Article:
Jack Barr is a Steelworker and U.S. Army Veteran.
He’s also keeping it reel. Literally.
Barr, a 30-year Steelworker at USW Local 7139-05 in Washington, Pennsylvania, took advantage of his ICD benefit to start up his own fly fishing business – Raise the Barr Guide Service.
There’s nothing fishy about it.
“We work in a business that isn’t the most secure,” Barr explained. “In my 30 years in steel I’ve seen the ups and downs to the point where you worked and couldn’t keep up to where you were just hoping you’d have a job. You have to have something to fall back on.
“There’s people at the mill who work 40-50 years and that’s all they know – and that’s perfectly fine – but sometimes you’ll hear, ‘Hey, did you hear Bob died?’ I didn’t want to be that guy. I wanted to educate myself and find another outlet. The ICD program was the light at the end of the tunnel for me.”
Barr used the ICD benefit to attend the “Fly Fishing Guide School” in Bryson City, North Carolina. He trained under Mac Brown, one of the best fly fishing instructors in the country. He said it would have never happened without having the ICD benefit in his back pocket.
“The ICD program was a brilliant idea,” Barr said. “I know it provided a great opportunity for me to pursue something I wanted to do.
“You can’t get stuck to one thing, and in today’s world, you have to educate yourself a little bit. Why not educate yourself in something you’re passionate about?”
Barr is a second-generation Steelworker at Allegheny Technologies Inc. (ATI). His grandfather, also Jack, worked at the former Jessop Steel plant before it became ATI-Washington. He knew he wanted to expand his horizons and start his own business when he retired, so he turned a fun hobby into a money-making reality.
“We have a passion in life besides getting up at 5 a.m. in the morning, getting off work at 4, and rushing home to cut the grass,” Barr said. “I know there’s more to life than just work – don’t get me wrong it’s a great place to provide a great living – but there comes a time when you have to do something for yourself, to have that piece of mind. You have to take the time to chase your dreams. You can get stuck in a rut if you don’t.”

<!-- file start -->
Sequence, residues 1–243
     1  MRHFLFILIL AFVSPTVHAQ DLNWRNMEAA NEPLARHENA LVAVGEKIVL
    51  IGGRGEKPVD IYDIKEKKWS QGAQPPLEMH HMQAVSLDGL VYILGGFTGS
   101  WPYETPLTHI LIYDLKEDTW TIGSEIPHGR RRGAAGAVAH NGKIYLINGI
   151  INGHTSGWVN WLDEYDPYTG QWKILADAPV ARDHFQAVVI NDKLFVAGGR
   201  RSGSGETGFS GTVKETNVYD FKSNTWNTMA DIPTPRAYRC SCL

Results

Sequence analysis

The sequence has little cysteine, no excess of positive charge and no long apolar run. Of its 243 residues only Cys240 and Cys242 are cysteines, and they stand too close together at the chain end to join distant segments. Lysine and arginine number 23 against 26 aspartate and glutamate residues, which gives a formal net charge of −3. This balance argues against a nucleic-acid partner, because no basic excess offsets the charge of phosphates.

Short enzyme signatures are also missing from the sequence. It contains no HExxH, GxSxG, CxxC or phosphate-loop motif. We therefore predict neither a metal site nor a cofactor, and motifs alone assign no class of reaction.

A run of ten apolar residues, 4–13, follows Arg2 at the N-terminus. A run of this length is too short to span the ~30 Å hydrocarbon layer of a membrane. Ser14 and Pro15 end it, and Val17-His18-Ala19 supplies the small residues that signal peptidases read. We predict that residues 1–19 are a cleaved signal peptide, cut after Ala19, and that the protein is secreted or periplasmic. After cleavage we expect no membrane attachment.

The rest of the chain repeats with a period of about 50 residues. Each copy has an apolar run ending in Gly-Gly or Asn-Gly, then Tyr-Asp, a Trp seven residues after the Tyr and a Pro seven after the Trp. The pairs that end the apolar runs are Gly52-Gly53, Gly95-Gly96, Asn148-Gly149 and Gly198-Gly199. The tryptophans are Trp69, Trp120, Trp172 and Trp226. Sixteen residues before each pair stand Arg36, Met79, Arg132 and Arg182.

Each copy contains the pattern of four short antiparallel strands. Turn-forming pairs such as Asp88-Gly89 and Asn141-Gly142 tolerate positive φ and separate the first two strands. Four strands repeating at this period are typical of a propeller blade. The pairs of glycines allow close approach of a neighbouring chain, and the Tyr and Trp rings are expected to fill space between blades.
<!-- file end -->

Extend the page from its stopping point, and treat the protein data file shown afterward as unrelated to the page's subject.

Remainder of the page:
Barr’s business, www.rtbguideservice.com, has been running since January. He’s not a one-man band, either, as his wife, Kim, and daughter, Anastasia, are just as important to the family business. Kim is in charge of day-to-day operations as the manager of business development, while Anastasia is in charge of marketing and communications and taking care of his Facebook page and website.
The business teaches anything from basic casting to equipment set-up to getting individuals or groups out on the water.
“I work pretty much in Pennsylvania and Ohio, the tributaries of the Great Lakes, but I’ll do anything from a retreat to taking groups or families to a park to learn how to cast or fly rods. I pretty much touch on every phase of it.”
Barr said a recent outing changed his life and made him proud that he chased his dream.
“A friend of the family just put on a youth fishing day; a guy donated part of a private creek and we put 1,800 trout in this three-quarter-mile section of the creek for 40-some kids to fish.
“No adults, just kids ages 5-15, and I showed them how to fly fish and then they actually went out on the water and caught fish. Seeing the joy in their faces was honestly one of the best days I’ve ever had.”
Business is booming and Barr is just thankful for using his ICD benefit on his educational journey.
Barr also knows good things come to those who bait.
“I honestly needed another direction in my life,” he said. “ICD provided that for me. I pursued a life’s passion and started up my own profitable business.”
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